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The Case for A.J. Preller as a "Teardown Artist"

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A piece on Grantland about A.J. Preller and the Padres helps us reflect on what happened to the Padres since the new GM started dealing.

Jake Roth-USA TODAY Sports

The demise of the 2015 Padres hasn't got as much national attention as the building of them got in December. It doesn't make for sensational headlines, but it does make for some good long form essays on the topic. Rany Jazayerli took on the task for Grantland.com. His story covers everything Padres going back to December: all the trades, all the early returns for the Padres, and all the early returns for the teams they dealt with. The picture he paints shows how troublesome the whole rebuilding of the team turned out to be. Two paragraphs about 3/4 of the way through the article illustrates some of this quite well for me:

Add up the damage and it’s staggering. In one offseason, the Padres traded away one of the best catchers in baseball (Grandal); an above-average starting pitcher (Hahn); an above-average corner outfielder (Seth Smith); an above-average center fielder (Maybin); and pretty much their entire farm system. Per Baseball America, the Padres traded away their no. 1 (Wisler), no. 2 (Turner), no. 4 (Ross), no. 6 (Fried), no. 9 (Eflin), no. 10 (Jace Peterson), no. 15 (Bauers), no. 16 (Mallex Smith), no. 21 (Dustin Peterson), no. 23 (Burch Smith), and no. 30 (Barbato) prospects, along with the 41st pick in the draft.

In return, they got one of the best young outfielders in the sport, who can’t stay healthy, in Wil Myers. They got one year of Justin Upton. They got Matt Kemp and his bloated contract. They got a good young catcher in Derek Norris who isn’t nearly as good as the young catcher they traded. They got two very good relievers in Brandon Maurer and Craig Kimbrel. They inherited the misfortune of playing Will Middlebrooks.

The Kimbrel trade already looks like one of the worst trades any team has made in years — and it wasn’t the worst trade the Padres made this winter. That would be the Kemp trade, in which they took on a contract the Dodgers were desperate to unload and gave up arguably their most valuable commodity in Grandal. Years from now, the trade for Justin Upton might look as bad as these two. If it doesn’t, the trade for Wil Myers might.

The negativity he presents towards these trades doesn't come lightly. The previous paragraphs detail every reason why these deals aren't working out in the Padres' favor. There is no way around the fact that Preller tore down something. The Padres had talent and they had a low payroll and now they have less talent (at least in quantity and the major league talent doesn't equal a contender) and a much more bloated payroll.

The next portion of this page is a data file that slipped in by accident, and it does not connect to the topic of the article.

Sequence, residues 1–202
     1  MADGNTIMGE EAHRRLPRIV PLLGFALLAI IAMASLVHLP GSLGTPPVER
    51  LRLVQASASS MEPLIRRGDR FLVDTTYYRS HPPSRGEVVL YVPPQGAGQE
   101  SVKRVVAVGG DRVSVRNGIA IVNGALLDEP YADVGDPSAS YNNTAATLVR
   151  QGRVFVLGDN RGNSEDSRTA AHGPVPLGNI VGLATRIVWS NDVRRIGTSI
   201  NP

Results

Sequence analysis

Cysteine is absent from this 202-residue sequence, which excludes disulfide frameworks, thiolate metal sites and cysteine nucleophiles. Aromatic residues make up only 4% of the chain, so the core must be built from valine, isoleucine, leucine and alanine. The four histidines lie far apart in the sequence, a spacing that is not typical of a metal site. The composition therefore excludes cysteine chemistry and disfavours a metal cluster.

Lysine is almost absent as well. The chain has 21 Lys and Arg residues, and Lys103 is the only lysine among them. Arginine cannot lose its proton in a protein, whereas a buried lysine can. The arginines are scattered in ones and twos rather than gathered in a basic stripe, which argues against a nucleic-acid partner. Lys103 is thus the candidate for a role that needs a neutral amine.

He later tries to illustrate what it was the Padres did tear down by giving a picture of what the team would look like without the trades. It's hard to imagine much out of that team for a Padres fan perspective because we saw glimpses of those teams in years past. Going with Seth Smith, Cameron Maybin and Will Venable looks fine in hindsight, but the team had been counting on Maybin to be the CF for years with not much to show for it. The infield would be the same but minus Will Middlebrooks and plus Jace Peterson. Another upgrade in hindsight, but Peterson looked woeful in 2014 and Middlebrooks didn't cost much to take for a spin. Grandal had the potential to break out, but also had trouble taking the job from Rene Rivera. A shakeup there wasn't need, but you could make the argument that it had the potential to better diversify the team's assets. Adding to the bullpen seems prescient in hindsight given some if its struggles this year (sorry Rany, but ERA's in the 3s are good ones for a bullpen arm that calls Petco Park home), but predicting the 'pen would need such a boost wasn't well known and the costs to add Kimbrel and Brandon Maurer were high. While it's true that in hindsight all the moves did make the team worse, it was always hard to imagine that standing pat would produce a contender.

Standing pat would have also kept the Padres farm system intact. That certainly sounds nice given how barren it is as a result of all the wheeling and dealing. But, in my estimation, that farm system wasn't going to push the team towards contention either. The team could add Matt Wisler and eventually Trea Turner and Joe Ross along with working in a now productive Jace Peterson, but I don't think that would have been enough. Unless a couple of those guys are basically all stars upon promotion, you're left with guys filling in gaps and treading water as other players reach free agency or flame out. The Diamondbacks are probably a team you can point to that's in a similar situation. They have a decent farm, their payroll isn't bloated, but it doesn't look like the club has any potential to break out.

What it comes down to for me isn't that A.J. Preller was wrong to make moves and use the farm to try to do something. It's that the something he did was wrong. It had some flaws you could see when he made the moves (along with some upside) and it has even more flaws when looked at in hindsight. However, he'll get no do-over here. This was a card he could only play once. It's a hard lesson to learn about team building and perhaps also a lesson to be learned about making trades when you are still getting to know the staff that's advising you. Preller didn't set out to tear anything down, but what's done is now done. And something needed to be done. Now something else has to be tried and that something is probably going to take a while.